The Conservative Party is vowing to use any means necessary, including a Senate blockade, to keep the Liberal government from forcing through electoral-reform legislation without first holding a referendum.
“The entire Conservative caucus, both in the House and the Senate, will be opposing any radical changes to the electoral system without a referendum” Don Plett, the Conservative Whip in the Senate, said in an interview Wednesday.
“We would look at all avenues” to stop such a bill, interim Conservative Leader Rona Ambrose said. “My hope is that the Liberals will come to their senses.”
The Conservatives are up in arms over a recent declaration by Liberal House Leader Dominic LeBlanc that electoral reform, which would replace the existing first-past-the-post system of electing MPs with some form of proportional representation or a ranked ballot, will simply be passed as a law by Parliament.
The Liberals won a majority in the House of Commons in the past election, but the Conservatives currently have a majority in the Senate. The question is whether the Tories, who may no longer be in that position by the time the bill reaches them, will be able to persuade other senators to join their cause.
However, the non-partisan approach that the Liberals are taking to choosing senators could lead to some new arrivals joining with the Conservatives to block the bill, along with at least a few former Liberal senators whom Mr. Trudeau expelled from caucus.
“I sincerely hope that these independent Liberal senators are also going to rise to the occasion,” Mr. Plett said.
Before and during the election campaign, Mr. Trudeau declared that his party was “committed to ensuring that 2015 will be the last federal election conducted under the first-past-the-post voting system.”
Under that system, which has been in use since Confederation, the candidate in each riding who gets the most votes wins the seat at election time. Parties that fail to win a majority of the popular vote nonetheless frequently form majority governments, while minority parties are seriously underrepresented in the House of Commons.
With proportional representation, a party’s seat total in the House equals its share of the popular vote. In a ranked-ballot system, voters list their preferences from first to last, with the second-choice votes of the least popular candidates reallocated until one candidate has 50-per-cent support.
The Conservatives insist that the most fundamental change to electing MPs since the introduction of the secret ballot must first be approved by a majority of Canadians.
“This is not about their mandate to govern,” Ms. Ambrose said of the Liberal government. “This is about abusing their mandate to govern. I think people will be offended by that. I’m offended by that.”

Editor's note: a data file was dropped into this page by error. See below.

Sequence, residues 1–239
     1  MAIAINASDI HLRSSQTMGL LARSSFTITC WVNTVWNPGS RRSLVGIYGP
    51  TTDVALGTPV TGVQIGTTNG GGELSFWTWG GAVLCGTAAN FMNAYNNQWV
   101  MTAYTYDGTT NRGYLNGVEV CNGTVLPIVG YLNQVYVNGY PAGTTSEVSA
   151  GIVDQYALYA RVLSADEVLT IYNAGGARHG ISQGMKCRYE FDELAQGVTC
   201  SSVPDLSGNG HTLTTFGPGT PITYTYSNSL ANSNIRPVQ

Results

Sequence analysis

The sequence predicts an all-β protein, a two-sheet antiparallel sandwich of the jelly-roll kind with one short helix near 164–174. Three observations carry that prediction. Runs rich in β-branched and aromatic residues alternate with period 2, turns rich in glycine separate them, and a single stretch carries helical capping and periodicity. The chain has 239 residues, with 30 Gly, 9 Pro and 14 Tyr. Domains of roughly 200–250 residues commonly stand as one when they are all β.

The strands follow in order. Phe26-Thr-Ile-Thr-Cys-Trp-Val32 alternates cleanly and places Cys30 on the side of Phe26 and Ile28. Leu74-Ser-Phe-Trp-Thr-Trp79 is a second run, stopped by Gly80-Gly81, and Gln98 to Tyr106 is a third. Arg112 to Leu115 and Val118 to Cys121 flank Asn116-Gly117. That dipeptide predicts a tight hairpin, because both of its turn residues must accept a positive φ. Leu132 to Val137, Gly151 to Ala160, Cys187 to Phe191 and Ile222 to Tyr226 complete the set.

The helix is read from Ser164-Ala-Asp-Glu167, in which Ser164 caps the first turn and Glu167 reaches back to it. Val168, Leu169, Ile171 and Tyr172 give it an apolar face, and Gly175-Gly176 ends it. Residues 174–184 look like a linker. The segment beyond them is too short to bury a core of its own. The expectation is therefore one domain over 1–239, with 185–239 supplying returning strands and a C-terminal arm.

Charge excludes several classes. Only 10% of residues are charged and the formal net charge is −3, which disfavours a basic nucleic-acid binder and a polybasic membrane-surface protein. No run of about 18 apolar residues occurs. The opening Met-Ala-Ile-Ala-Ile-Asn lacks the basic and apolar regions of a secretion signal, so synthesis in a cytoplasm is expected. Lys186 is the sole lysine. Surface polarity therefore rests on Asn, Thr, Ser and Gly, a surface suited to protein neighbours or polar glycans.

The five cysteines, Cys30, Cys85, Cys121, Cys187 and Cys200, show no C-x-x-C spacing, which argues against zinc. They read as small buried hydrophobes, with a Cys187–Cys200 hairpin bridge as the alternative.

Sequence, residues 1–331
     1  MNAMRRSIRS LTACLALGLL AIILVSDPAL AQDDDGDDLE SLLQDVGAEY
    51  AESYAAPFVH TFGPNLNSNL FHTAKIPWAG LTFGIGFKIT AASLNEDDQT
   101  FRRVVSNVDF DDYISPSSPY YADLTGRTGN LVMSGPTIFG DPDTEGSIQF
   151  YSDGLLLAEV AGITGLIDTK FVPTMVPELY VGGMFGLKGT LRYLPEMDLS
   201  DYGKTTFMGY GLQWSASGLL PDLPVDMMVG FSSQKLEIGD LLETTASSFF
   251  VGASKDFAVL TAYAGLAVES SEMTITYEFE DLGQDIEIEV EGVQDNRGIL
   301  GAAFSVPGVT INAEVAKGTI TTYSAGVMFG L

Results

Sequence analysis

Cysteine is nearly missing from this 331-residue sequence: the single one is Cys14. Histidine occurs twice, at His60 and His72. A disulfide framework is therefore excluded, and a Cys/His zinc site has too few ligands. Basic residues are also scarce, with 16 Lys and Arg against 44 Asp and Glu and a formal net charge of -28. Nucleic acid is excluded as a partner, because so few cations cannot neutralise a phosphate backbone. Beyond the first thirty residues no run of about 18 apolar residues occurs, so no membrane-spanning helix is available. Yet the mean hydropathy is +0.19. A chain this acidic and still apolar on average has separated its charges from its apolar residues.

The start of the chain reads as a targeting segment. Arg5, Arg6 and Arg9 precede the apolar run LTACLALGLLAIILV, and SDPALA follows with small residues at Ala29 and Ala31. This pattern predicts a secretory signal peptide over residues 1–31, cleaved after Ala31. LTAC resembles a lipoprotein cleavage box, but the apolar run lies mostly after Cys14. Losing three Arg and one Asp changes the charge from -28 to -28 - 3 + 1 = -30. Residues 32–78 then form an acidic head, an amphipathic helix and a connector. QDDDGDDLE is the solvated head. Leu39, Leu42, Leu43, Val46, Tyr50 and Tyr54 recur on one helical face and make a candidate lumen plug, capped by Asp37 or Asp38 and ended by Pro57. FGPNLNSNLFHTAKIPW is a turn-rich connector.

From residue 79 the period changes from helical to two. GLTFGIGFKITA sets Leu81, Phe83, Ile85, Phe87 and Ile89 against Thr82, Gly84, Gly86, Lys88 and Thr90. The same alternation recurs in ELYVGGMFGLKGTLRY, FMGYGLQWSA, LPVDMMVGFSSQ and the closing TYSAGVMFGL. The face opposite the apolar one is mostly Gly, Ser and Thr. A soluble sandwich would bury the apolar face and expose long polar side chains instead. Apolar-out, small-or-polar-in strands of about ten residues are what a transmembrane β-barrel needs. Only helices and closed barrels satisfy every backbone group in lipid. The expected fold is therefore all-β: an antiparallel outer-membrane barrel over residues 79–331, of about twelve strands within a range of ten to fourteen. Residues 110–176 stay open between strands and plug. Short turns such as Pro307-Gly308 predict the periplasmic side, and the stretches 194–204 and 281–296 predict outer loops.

The Prime Minister has said that a special parliamentary committee will consult Canadians before recommending an alternative to the status quo, with legislation to implement those changes promised by no later than May, 2017.
The Conservatives have many questions about the proposed legislative committee. Will it be dominated by Liberals or have equal representation from all three parties recognized in the House? Will the Green and Bloc Québécois parties be invited to participate? How will the committee meaningfully engage with the public on the issue? Will maintaining the status quo be an option?
“I have no preconceived idea of what the electoral system should be,” Ms. Ambrose said. “I think there are merits to many of the different electoral systems, including the status quo.” But any proposed change must be subject to a referendum, she insisted, even if it has the unanimous support of the committee.
“This is a major change,” she said. “This is about what each of our votes means and how it translates into how we are governed.”
There is bound to be a legal challenge to the bill’s constitutionality. On the political front, the Conservatives could block electoral-reform legislation through endless debate in the House, known as a filibuster, forcing the government to impose closure.
Once the bill passed the House, it could be vetoed by the Senate, as Mr. Plett has vowed. Liberal senators in 1988 blocked the free-trade agreement between Canada and the United States from passage, forcing Conservative Prime Minister Brian Mulroney to call an election on the issue.
“Our electoral system has served us well for 150 years,” Conservative Senator Leo Housakos said in an interview. “It isn’t broke, so why bother making it such a big priority to fix it other than the fact that most of us are starting to believe that Mr. Trudeau thinks that by changing the electoral system it would keep them in power in perpetuity.”
The current electoral system is thought to favour the Conservatives, while any reform would favour the Liberals and NDP, since those two parties combined routinely win a majority of the popular vote. Electoral reform is, however, so fundamental that it could lead to the creation of new political parties and the disintegration of existing ones.
In any event, a process that the Liberals hoped would be open, consultative and consensual has already degenerated into a fierce fight between conservative and progressive partisans.
Two conservative activists have launched a website and Twitter handle called Defend Democracy, which encourages Canadians to sign a petition demanding a referendum on electoral reform. Referendums on proposed electoral reforms in British Columbia, Ontario and Prince Edward Island all ended in defeat for the Yes side.
Meanwhile, progressive advocacy groups such as LeadNow and Fair Vote Canada are recruiting supporters and launching their own petitions to fight for electoral reform.Report Typo/Error